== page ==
Welcome to the first StitchBlog Q&A!
We hope to make this a monthly blog feature, with interviews from interesting people from around the sewing world.
When we were thinking about whom we should feature in our first Q&A, one designer immediately came to mind-Kevin Kosbab. Kevin has designed projects for Stitch since our second issue, and his bold and inventive ideas always bring a smile to our faces. From quilts to placemats and beyond, Kevin combines a midcentury modern aesthetic with creative piecing and appliqué techniques to create modern, graphic projects that we really love. You can find out more about Kevin and his designs on his website, feeddog.net.
So without further ado, here’s Kevin!
Stefanie: How and when did you learn to sew, and what is the first thing you ever made?
Kevin: I learned to sew about four years ago in the course of decorating my first apartment. My mom balked at my Stitch Witchery window treatments, bought me a sewing machine, and off I went. I think the first real project I sewed was a quilt adapted out of Denyse Schmidt‘s book, a really simple quilt but enough to give me the bug. A friend from work at about the same time had taught me to knit, but it just didn’t catch-scarves and sweaters didn’t have the same appeal for me as stuff I could use around the apartment. So I’m a needle, thread, and fabric guy.
S: How does sewing fit into your life?
K: I’ve always had creative impulses and an interest in graphic design, and quilting gave me a medium for that. I do at least a little sewing most days, whether by hand or machine (it drives me crazy to watch TV without handwork, so like an uncultured Neanderthal I veto anything with subtitles). I wish I had more time to sew just for fun, but I try to design projects for work that I’ll have fun sewing. I work as a full-time freelancer, and sewing has crept into every facet of that: I edit craft books, write for quilting magazines, design for magazines like Stitch, and sell patterns under my Feed Dog Designs label. So insofar as I make a living, it’s coming from sewing!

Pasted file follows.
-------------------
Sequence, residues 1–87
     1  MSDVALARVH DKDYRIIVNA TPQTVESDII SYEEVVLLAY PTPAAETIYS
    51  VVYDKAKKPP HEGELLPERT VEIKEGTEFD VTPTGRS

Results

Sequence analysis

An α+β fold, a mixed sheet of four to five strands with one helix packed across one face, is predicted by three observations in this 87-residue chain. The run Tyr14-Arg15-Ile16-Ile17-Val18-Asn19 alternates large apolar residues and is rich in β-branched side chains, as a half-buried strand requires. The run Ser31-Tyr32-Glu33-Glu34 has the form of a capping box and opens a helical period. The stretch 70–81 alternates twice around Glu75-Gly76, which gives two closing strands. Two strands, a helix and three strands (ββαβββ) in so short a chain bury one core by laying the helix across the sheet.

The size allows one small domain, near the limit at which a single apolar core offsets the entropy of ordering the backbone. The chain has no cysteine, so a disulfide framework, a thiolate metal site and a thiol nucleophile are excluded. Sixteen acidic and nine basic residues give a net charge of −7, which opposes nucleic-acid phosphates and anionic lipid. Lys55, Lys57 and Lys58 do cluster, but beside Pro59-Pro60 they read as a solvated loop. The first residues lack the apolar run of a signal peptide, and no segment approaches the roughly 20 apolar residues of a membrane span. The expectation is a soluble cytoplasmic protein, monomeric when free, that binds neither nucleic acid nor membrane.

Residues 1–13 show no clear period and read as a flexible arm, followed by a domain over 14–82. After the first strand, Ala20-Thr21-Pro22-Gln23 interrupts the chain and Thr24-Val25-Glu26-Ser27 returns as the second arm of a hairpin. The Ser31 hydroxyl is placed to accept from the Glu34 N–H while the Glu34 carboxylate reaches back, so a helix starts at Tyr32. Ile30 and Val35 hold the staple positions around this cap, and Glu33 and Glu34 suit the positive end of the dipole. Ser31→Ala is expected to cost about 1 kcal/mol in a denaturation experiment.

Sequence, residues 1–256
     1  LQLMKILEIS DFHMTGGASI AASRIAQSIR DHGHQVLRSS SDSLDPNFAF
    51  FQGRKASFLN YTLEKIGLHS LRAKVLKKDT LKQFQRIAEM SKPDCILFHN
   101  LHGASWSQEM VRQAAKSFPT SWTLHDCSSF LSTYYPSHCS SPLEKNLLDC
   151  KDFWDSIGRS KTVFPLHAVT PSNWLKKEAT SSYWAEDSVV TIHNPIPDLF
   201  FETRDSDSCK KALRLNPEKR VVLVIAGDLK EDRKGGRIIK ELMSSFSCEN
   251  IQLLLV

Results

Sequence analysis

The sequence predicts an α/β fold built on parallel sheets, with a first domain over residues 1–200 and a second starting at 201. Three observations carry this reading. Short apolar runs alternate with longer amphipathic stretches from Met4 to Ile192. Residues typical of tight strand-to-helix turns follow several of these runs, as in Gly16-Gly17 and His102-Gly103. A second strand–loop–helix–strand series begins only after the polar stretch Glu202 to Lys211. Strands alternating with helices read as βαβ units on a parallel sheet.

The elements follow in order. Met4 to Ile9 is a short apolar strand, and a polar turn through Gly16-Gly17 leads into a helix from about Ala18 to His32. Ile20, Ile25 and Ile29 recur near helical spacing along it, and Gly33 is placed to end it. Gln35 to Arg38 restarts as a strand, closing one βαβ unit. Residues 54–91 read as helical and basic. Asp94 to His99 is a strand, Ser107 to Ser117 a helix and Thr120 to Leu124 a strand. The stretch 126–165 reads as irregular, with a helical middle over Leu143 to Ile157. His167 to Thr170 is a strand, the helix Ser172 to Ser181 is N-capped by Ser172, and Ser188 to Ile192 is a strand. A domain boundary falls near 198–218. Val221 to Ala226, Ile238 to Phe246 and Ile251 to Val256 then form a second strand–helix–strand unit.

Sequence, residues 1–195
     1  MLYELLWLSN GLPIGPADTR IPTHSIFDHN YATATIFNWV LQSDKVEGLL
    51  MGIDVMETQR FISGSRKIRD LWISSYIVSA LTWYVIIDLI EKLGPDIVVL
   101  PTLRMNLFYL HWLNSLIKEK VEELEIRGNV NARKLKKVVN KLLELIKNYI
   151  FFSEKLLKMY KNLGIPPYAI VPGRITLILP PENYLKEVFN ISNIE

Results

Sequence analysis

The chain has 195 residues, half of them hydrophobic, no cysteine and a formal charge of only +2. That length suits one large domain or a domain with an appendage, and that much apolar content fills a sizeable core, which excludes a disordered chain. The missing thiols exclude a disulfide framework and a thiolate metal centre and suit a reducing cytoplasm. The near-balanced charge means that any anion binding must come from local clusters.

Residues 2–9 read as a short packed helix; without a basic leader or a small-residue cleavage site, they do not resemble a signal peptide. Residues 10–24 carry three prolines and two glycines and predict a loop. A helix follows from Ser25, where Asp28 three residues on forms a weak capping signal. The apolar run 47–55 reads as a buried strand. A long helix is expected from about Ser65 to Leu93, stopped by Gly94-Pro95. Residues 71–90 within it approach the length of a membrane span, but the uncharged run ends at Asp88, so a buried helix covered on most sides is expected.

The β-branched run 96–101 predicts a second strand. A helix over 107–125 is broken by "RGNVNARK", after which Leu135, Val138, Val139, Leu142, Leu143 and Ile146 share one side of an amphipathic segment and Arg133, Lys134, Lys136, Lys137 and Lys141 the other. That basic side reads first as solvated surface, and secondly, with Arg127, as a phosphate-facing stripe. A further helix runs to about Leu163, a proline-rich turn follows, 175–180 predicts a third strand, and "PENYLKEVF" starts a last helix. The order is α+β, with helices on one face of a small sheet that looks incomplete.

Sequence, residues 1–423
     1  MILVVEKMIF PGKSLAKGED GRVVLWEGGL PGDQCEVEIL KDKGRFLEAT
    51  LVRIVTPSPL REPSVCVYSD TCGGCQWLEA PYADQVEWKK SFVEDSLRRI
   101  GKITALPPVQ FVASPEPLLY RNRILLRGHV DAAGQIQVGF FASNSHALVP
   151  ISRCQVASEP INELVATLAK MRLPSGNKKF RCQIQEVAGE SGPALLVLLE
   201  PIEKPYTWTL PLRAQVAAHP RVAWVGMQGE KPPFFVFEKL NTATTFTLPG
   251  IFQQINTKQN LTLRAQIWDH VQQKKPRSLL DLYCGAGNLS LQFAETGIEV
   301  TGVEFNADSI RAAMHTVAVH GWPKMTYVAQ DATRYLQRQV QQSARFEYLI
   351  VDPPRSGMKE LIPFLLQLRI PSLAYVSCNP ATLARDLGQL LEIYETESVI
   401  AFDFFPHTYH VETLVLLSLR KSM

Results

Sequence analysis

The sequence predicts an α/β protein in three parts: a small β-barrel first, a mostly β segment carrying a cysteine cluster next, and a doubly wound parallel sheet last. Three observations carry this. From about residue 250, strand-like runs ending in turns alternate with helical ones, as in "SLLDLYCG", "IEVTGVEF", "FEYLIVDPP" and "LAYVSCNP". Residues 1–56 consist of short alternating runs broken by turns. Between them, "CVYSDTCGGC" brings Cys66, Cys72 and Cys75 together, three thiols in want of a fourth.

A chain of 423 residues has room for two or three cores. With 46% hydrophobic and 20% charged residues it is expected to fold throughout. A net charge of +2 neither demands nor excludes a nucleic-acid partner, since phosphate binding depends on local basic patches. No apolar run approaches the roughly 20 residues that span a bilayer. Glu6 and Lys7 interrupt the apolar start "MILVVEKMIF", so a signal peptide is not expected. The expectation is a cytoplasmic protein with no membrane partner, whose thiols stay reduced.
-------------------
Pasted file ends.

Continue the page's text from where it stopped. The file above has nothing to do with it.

S: Walk me through the steps when you’re making a project. Where does your inspiration come from, and how do you translate that into a finished piece?
K: Great fabrics inspire lots of my projects (the Hilltop Drive quilt in Stitch Spring 2010 was all about the fabric), but I’m also hugely influenced by mid-century modern graphic and textile design, and generally all the cool stuff going on visually from the 1950s through the 70s. My basic ideas usually get sketched out on paper, kind of as a placeholder, and then I do more detailed design drawings on the computer to play with colors, fabrics, proportions, etc. I usually mess around with the actual fabrics again on the design wall, then I figure out the logistics while I’m sewing. For a quilt with lots of different appliqués, I’ll sometimes start sewing a few blocks before I’ve got the whole thing designed.
S: The items you’ve made for Stitch have mainly been home décor projects-quilts, placemats, pillows, etc. Do you mostly stick to these types of projects? Do you have a favorite project?